Since October 9, all but three of the ships have again showed up on tracking systems, but the Very Large Crude Carriers Yuan Shan Hu and Cosglad Lake, as well as another tanker, the Yang Mei Hu, have remained without trace.

COSCO Shipping Tanker (Dalian) denied in an email that its ships were turning off the AIS.

“Dalian Tanker will continue to adhere to applicable laws and regulations in the conduct of its business operations,” COSCO said.

Despite the crippling affect the sanctions have had on its economy, Iran has rebuffed Trump’s openness to hold direct negotiations, insisting instead that the US first remove the sanctions before it will come to the table.

This photo taken on Sunday, Oct. 13, 2019, and released by the official news agency of the Iranian Oil Ministry, SHANA, shows the scene of damage by two missiles that allegedly struck the Iranian oil tanker Sabiti, at the Red Sea. (SHANA via AP)

Analysts believe Iran could be trying to weather the sanctions in the hope that the 2020 US presidential elections will bring in a new administration and an easing of Trump’s “maximum pressure” policy.

“If they calculate that there is going to be (a new president) and they are incorrect, that’s bad,” one of the officials told Reuters. “Because I don’t think anybody thinks that they could make it another four years after next November under this kind of sanctions regime.”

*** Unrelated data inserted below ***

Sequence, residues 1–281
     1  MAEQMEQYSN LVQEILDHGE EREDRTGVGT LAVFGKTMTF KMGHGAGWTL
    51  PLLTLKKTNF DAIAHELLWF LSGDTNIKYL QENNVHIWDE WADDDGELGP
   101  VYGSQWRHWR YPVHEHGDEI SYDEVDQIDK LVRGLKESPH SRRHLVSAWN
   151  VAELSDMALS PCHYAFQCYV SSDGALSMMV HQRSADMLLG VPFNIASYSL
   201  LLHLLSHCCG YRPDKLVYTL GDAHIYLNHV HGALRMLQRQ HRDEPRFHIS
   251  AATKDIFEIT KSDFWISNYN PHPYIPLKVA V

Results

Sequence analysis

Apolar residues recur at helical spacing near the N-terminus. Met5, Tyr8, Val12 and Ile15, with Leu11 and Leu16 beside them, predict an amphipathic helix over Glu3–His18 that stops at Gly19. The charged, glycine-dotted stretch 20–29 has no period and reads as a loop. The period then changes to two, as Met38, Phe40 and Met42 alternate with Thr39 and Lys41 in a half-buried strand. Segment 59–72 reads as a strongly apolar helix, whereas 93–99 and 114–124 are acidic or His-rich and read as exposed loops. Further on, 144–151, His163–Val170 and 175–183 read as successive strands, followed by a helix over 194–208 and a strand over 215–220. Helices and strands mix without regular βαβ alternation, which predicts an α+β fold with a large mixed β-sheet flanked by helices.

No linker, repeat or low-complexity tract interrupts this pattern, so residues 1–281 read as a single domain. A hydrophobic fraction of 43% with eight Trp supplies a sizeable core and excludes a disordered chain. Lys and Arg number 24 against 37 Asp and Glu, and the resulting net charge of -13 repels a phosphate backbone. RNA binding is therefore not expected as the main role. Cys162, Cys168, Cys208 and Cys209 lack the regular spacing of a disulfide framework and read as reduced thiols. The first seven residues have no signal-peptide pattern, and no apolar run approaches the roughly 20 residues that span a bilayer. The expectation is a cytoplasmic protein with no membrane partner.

Tensions have risen in the Persian Gulf region in the wake of the US pullout from the nuclear deal, with unclaimed attacks on ships and other vessels detained by Western powers or Iran.

Last week Iran said one of its tankers was attacked by Saudi Arabia, with two explosions ripping holes in the side. The incident came after a combined drone and cruise missile attack last month on two Saudi Arabian oil facilities which knocked out half of the kingdom’s oil production. Although Iran-backed Houthi rebels in Yemen claimed they carried out the attack, the US, Saudi Arabia, and Western allies accused Iran of being responsible.

Join us!
A message from the Editor of Times of Israel
David Horovitz

The Times of Israel covers one of the most complicated, and contentious, parts of the world. Determined to keep readers fully informed and enable them to form and flesh out their own opinions, The Times of Israel has gradually established itself as the leading source of independent and fair-minded journalism on Israel, the region and the Jewish world.

We've achieved this by investing ever-greater resources in our journalism while keeping all of the content on our site free.

Unlike many other news sites, we have not put up a paywall. But we would like to invite readers who can afford to do so, and for whom The Times of Israel has become important, to help support our journalism by joining The Times of Israel Community. Join now and for as little as $6 a month you can both help ensure our ongoing investment in quality journalism, and enjoy special status and benefits as a Times of Israel Community member.

Become a member of The Times of Israel Community
read more:
comments